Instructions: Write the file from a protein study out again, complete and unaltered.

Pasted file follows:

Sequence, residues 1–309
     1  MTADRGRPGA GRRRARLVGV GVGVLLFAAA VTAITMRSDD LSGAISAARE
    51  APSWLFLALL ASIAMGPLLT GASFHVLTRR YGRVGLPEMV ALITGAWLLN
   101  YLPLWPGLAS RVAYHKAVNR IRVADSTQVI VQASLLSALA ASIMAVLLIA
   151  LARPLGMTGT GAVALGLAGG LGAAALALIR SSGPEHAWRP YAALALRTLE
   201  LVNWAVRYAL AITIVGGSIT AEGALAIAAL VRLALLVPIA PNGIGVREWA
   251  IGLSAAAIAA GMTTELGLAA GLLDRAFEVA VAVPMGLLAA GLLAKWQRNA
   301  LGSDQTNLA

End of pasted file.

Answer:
Sequence, residues 1–309
     1  MTADRGRPGA GRRRARLVGV GVGVLLFAAA VTAITMRSDD LSGAISAARE
    51  APSWLFLALL ASIAMGPLLT GASFHVLTRR YGRVGLPEMV ALITGAWLLN
   101  YLPLWPGLAS RVAYHKAVNR IRVADSTQVI VQASLLSALA ASIMAVLLIA
   151  LARPLGMTGT GAVALGLAGG LGAAALALIR SSGPEHAWRP YAALALRTLE
   201  LVNWAVRYAL AITIVGGSIT AEGALAIAAL VRLALLVPIA PNGIGVREWA
   251  IGLSAAAIAA GMTTELGLAA GLLDRAFEVA VAVPMGLLAA GLLAKWQRNA
   301  LGSDQTNLA